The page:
Marine Biology

, Volume 47, Issue 2, pp 149–160 | Cite as

General ecology of the cassiduloid urchin Cassidulus caribbearum

  • W. B. Gladfelter


Cassidulus caribbearum, a representative of the echinoid order Cassiduloida, occurs in localized populations of high densities (up to 100 m-2) among the islands of the Puerto Rico bank in the eastern Caribbean Sea. These small (up to 35 mm) urchins are burrowers, principally in shallow-water areas with coarse sand bottom. Locomotion is achieved by ditaxic waves, passing from the front to the rear of large movable spines on the lateral portions of the ventral surface; this mechanism is unique among echinoids. Digging was most effective in sand grain sizes most closely approximating those of the environment (0 to 1ϕ). These urchins are somewhat selective deposit feeders, which ingest substrate particles primarily in the size range 0 to 1ϕ. Individuals ingest sand more or less continuously; complete passage of sand through the gut takes an average of 6 h in the laboratory. Aristotle's lantern is present in young juveniles (test length <1.0 mm), but is resorbed before the urchins reach a test length of 5.0 mm. The gut shows similarities in gross morphology to the spatangoid gut. Oxygen consumption is comparable to that of other tropical echinoids of similar wet weight. C. caribbearum broods its large (350 μm) yolky eggs among the aboral spines for 10 to 12 days, at which time young urchins crawl off into the sand. Successive, overlapping broods are produced, so that frequently two broods of different developmental stages are present on a single urchin. Single urchins may brood continuously for up to 4 months or more. Throughout the year, at least 50% of all individuals over 18 mm were found brooding, with a maximum of 85% of all individuals brooding in mid-summer. The sex ratio of the population in all areas sampled was greater than 5 females to 1 male. No evidence of protandric hermaphroditism was found. Growth rate, measured from tagged indivuduals and from increase in median size in population samples, was between 0.5 and 1.0 mm month-1. Mortality was due primarily to predation by the gastropod Cassis tuberosa, although occasional, episodic mortality was caused by physical factors such as heavy storm swells.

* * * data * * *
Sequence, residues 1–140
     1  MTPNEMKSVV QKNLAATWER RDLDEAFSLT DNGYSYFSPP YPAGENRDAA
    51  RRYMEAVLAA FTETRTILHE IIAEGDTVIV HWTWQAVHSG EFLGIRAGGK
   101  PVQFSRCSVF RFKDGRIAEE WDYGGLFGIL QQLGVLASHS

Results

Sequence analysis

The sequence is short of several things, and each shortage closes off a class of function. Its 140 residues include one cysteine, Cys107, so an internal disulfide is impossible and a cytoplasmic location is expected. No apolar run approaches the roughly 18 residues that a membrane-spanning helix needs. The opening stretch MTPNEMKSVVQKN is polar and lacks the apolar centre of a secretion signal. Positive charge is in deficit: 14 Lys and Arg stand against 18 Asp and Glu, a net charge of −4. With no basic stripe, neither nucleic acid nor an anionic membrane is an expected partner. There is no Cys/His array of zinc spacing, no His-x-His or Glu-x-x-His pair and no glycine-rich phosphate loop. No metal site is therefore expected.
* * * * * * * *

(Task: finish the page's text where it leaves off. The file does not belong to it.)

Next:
Coarse Sand Deposit Feeder Test Length Substrate Particle Selective Deposit 
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Copyright information

© Springer-Verlag 1978

Authors and Affiliations

  • W. B. Gladfelter
    • 1
  1. 1.West Indies LaboratoryFairleigh Dickinson UniversitySt. CroixUSA

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